The Urgent Necessity to Shop Locally

By Cam Mather

The following is an article that Cam wrote for our local paper “The Scoop.” Although he uses examples of local businesses, the concept of shopping locally is important for every community. (It’s also wonderful to have a local paper like The Scoop. This paper is published locally every 2nd month and is chock full of articles about the people, places and events in our community.)

The Urgent Necessity to Shop Locally

When I was a student in the Radio Broadcasting program at Loyalist College in the late 70’s I sold ads for the campus radio station. At that time Front Street in Belleville was a thriving downtown with a large variety of predominantly independent businesses. I have been there recently and it is a sad shadow of its former self as the big box stores located near the 401 have sucked away much of the life from the downtown core. And it’s depressing. Small independent businesses are the backbone of any community. The business owners belong to clubs like Rotary and The Lions, and they raise money for local work, and hospitals get new equipment and community life is enhanced by their activities. Big Box stores add nothing to a community. They suck local money away to head offices in far away places and leave the community poorer as a result.

I was reminded of this recently in a conversation with Tim Kidd at Village Video in Tamworth. Technology is beginning to affect this business, as it is mine. I publish books and the increasing penetration of e-Book readers in to the marketplace has us scrambling to maintain profitability in this new market. With the proliferation of high speed Internet some people are starting to stream videos on their computers, or order them through the mail. I refuse to do this because I like going to Tim’s. It’s a great place and I get to see the DVD cases and pick them up and read what the movie is all about. And Tim is happy to give his feedback. This week I asked him about the ending of a movie about a guy whose daughter gets kidnapped. I didn’t want to watch it if it ended badly, and I got the scoop from Tim. You just can’t beat personal service.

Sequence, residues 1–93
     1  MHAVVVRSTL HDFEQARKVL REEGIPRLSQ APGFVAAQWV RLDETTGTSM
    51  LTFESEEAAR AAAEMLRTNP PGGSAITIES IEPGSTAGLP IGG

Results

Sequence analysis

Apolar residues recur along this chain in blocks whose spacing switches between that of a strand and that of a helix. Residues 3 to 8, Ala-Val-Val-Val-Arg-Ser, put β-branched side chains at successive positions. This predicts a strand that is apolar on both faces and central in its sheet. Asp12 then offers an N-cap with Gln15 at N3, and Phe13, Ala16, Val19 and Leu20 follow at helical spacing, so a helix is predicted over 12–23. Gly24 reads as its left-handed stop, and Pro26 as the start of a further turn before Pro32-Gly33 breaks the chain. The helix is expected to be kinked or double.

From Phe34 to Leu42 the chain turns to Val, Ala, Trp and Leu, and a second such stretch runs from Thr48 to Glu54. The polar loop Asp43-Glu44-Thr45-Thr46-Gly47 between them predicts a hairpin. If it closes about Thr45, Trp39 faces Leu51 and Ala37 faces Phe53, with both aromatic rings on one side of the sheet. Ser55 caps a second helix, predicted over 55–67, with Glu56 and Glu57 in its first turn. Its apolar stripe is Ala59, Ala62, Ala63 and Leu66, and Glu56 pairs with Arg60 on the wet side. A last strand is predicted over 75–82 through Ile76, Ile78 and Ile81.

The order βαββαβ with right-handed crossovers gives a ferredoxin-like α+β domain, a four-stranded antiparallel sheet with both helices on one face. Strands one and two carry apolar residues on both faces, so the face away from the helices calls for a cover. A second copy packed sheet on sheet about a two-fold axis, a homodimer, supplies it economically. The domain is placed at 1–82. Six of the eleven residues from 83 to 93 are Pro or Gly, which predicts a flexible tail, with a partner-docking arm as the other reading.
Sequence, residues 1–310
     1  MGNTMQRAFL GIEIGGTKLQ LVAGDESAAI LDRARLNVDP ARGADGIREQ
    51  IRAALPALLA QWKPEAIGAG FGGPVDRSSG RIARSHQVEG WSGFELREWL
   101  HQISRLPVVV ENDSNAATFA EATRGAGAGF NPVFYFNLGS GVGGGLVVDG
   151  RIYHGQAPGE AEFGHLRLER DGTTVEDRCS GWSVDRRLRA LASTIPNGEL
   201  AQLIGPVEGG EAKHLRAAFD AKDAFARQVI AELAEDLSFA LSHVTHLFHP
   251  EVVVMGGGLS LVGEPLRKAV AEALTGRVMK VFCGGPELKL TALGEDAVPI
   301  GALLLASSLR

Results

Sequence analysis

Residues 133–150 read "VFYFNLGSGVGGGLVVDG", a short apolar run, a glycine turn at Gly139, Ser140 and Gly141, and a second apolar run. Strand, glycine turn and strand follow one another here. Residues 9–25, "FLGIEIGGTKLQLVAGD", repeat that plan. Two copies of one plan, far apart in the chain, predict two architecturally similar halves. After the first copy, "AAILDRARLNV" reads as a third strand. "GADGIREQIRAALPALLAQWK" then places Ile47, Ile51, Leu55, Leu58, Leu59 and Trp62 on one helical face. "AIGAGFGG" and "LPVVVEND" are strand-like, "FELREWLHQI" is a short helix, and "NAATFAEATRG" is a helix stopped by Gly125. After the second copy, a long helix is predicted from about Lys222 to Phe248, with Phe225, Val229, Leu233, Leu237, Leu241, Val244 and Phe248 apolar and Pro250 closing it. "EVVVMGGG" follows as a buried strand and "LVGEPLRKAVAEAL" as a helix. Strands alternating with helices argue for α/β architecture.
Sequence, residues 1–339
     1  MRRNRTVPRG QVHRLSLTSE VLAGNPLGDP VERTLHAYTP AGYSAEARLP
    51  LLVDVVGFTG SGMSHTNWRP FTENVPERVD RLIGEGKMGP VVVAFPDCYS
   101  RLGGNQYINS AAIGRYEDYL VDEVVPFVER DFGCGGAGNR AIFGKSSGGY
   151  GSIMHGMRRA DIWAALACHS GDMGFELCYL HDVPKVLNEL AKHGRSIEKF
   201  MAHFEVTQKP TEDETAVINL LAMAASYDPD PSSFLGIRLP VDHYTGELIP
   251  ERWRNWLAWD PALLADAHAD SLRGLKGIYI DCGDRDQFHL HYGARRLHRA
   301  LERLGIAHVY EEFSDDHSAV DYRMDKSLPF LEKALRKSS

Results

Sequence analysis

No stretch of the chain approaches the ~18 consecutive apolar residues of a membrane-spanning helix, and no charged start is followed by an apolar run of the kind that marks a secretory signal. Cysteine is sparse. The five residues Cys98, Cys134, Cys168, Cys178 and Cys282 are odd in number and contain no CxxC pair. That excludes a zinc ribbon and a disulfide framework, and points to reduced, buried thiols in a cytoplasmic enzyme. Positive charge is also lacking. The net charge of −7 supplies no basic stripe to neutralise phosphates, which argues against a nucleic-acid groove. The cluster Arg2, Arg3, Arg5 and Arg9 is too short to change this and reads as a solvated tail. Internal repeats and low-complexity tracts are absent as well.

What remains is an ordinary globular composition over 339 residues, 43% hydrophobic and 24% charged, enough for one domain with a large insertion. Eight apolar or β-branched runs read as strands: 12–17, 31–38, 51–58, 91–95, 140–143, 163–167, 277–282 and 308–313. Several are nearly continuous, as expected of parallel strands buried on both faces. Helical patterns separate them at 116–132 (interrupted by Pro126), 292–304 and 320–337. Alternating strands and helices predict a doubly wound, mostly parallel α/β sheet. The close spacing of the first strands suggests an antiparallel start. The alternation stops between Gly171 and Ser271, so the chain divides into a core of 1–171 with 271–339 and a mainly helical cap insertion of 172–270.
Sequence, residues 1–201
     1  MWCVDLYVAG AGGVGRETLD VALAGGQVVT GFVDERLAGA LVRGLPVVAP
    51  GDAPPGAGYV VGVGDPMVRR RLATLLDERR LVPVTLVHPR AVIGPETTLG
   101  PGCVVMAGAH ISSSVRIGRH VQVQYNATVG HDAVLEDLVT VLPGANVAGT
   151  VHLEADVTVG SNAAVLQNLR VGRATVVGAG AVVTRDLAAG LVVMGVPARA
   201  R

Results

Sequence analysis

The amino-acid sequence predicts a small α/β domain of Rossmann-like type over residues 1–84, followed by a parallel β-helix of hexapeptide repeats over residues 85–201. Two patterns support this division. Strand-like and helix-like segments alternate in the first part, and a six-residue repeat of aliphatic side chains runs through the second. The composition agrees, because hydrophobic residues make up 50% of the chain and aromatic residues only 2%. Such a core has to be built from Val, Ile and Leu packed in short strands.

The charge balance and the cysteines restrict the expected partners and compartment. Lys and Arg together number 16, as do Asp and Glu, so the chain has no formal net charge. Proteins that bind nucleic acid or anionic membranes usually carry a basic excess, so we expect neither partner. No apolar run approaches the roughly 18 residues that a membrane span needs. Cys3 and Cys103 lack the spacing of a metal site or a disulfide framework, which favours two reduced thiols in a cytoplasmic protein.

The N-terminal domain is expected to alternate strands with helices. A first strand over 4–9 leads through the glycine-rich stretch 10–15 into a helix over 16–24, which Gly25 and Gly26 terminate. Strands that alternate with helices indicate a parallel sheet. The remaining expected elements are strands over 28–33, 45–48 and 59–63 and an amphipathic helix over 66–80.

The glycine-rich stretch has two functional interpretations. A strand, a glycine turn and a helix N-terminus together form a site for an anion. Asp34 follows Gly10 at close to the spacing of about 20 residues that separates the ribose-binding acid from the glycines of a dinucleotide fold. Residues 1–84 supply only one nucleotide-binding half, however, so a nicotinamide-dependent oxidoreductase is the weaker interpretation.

I really got thinking about the importance of community a few weeks ago after there had been a fire in Tamworth. In chatting with Tim who is a volunteer firefighter, I learned that the fire broke out at 9 pm and that many of the firefighters, including Tim, didn’t leave the scene until 5 am. I thought about how important Tim Kidd and the other volunteer firefighters are to my community. If I rented a video from some far away mail order video company, would the president come to my house in the middle of the night to put out a fire? Tim would and does regularly.